Debate Builds Over How to Save San Saba River
About 140 miles long, the San Saba River in Central Texas is not considered one of the state’s major waterways, but it illustrates — in a state still dealing with a serious drought — the sensitivities surrounding the use of a limited resource.
Troubled WatersSix years ago, state leaders launched an effort to better manage the health of Texas' rivers. But environmental advocates fear that ecology still takes a back seat as legislators fret about having enough water to sate Texas' fast-growing cities. Now, every Texas river is threatened by nearly unprecedented drought and the looming effects of climate change. Our series explores the history, health and future of some of Texas' most important and legendary rivers. More in this series
MENARD — About two miles beyond the entrance to Griffith Thomas’ Block House Ranch in Central Texas' Mason County, a rock-strewn road dips down and comes to what is supposed to be the San Saba River. There is no water to speak of, only a cluster of stagnant pools on either side of the road.
In the first week of July, Thomas filed a priority call with the Texas Commission on Environmental Quality, requesting that it restrict water use upstream so the flow could return on his ranch. He and his neighbors made similar demands last year, which were denied, and the year before, which were granted.
“We’ve been trying to get something done about this for over 10 years,” he said.
The struggle over water management of the increasingly dry San Saba may not be new, but the debate over whether the irrigators upstream need to be monitored more closely has heated up this summer. In April, the San Saba ranked third on the list of the country’s most endangered rivers according to American Rivers, a national conservation group.
About 140 miles long, the San Saba is not considered one of the state’s major waterways, but it illustrates — in a state still dealing with a serious drought — the sensitivities surrounding the use of a limited resource.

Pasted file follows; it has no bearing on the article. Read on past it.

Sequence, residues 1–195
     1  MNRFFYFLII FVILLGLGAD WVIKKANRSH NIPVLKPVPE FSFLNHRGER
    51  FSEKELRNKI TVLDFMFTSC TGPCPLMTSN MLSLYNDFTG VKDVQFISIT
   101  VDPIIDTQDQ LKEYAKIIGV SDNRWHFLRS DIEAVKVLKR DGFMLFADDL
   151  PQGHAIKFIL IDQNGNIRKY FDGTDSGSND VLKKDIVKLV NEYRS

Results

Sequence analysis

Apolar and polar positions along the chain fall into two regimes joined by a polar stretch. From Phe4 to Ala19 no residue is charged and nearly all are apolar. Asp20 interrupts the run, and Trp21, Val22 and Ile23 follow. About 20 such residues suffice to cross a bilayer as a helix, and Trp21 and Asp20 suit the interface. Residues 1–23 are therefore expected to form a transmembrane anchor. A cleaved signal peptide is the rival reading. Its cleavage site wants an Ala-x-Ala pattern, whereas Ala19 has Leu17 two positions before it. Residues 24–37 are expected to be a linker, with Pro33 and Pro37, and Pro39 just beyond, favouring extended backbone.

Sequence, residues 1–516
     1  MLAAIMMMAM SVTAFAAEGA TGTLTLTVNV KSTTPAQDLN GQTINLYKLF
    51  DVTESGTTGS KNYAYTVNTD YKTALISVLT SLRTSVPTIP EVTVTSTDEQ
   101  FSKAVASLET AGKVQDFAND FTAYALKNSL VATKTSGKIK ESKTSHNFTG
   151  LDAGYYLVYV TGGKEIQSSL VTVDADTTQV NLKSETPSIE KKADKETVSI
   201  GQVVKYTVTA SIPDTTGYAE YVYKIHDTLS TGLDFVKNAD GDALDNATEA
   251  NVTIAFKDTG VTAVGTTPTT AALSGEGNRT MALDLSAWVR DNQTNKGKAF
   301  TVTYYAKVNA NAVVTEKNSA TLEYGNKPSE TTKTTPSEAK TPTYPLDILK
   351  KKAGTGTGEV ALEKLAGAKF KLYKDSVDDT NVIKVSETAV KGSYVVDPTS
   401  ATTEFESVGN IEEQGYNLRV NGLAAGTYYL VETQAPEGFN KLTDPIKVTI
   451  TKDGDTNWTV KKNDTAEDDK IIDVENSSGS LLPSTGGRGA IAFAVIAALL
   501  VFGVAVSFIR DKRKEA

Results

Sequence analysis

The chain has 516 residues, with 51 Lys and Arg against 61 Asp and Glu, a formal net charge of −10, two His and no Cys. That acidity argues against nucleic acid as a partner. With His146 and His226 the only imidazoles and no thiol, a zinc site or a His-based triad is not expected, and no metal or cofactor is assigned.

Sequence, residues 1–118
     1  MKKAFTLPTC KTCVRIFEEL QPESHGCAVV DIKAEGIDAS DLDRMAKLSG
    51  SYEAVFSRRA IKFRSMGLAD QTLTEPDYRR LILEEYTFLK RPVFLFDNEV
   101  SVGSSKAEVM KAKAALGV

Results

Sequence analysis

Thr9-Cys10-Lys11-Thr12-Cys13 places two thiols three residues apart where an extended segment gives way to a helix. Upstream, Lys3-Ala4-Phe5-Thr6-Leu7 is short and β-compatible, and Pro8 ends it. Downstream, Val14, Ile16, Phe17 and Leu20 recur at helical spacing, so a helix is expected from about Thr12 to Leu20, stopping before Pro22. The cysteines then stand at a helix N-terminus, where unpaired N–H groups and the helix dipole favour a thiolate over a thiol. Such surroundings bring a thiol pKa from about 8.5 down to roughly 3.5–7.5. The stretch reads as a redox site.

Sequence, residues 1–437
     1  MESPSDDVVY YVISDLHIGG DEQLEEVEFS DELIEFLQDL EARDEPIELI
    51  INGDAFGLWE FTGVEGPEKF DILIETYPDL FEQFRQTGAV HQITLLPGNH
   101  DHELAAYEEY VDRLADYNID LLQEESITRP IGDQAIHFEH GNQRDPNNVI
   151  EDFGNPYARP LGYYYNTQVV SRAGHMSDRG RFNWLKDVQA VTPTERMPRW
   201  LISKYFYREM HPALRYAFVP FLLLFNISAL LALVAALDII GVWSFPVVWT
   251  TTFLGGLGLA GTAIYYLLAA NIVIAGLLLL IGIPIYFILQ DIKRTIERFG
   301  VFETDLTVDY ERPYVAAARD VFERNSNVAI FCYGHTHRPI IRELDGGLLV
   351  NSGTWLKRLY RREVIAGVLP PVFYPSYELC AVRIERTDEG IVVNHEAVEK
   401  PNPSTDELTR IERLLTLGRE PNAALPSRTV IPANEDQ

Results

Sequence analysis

Jessie Thomas-Blate, the coordinator of the endangered rivers list, said that one of the priority criteria for making the list was a looming decision that “could make or break” the river in the coming year.
Members of the nonprofit group Friends of the San Saba, of which Thomas is one, nominated the river for the endangered list, saying that the pivotal choice for the state was whether to appoint a watermaster.
A watermaster monitors stream flows and water use and makes determinations about the proper use of water-rights holders. Proponents of appointing one believe it would help curb what American Rivers described as “wasteful water use and unregulated pumping” in Menard, where the overwhelming number of irrigation water rights along the upper San Saba are held. Residents there view the prospect of a watermaster as an unnecessary and intrusive burden.
A bill filed during the regular session by state Rep. J.D. Sheffield, R-Gatesville, would have expanded the scope of the Concho River watermaster’s duties to include the San Saba.
He ultimately decided not to push the idea.
“We found it to be a very volatile issue with a lot of history,” Sheffield said. “We would need a lot of time to look into it thoroughly, and we didn’t have it.”
Like most of the entries on the American Rivers list, the San Saba presents itself as a classic tragedy of the commons.
“The problem in a lot of these situations is that it’s not one person that’s causing a problem. It’s a collective problem,” Thomas-Blate said. “Unless everyone that’s part of the problem starts to take their little piece of responsibility for it, it becomes difficult to really deal with it.”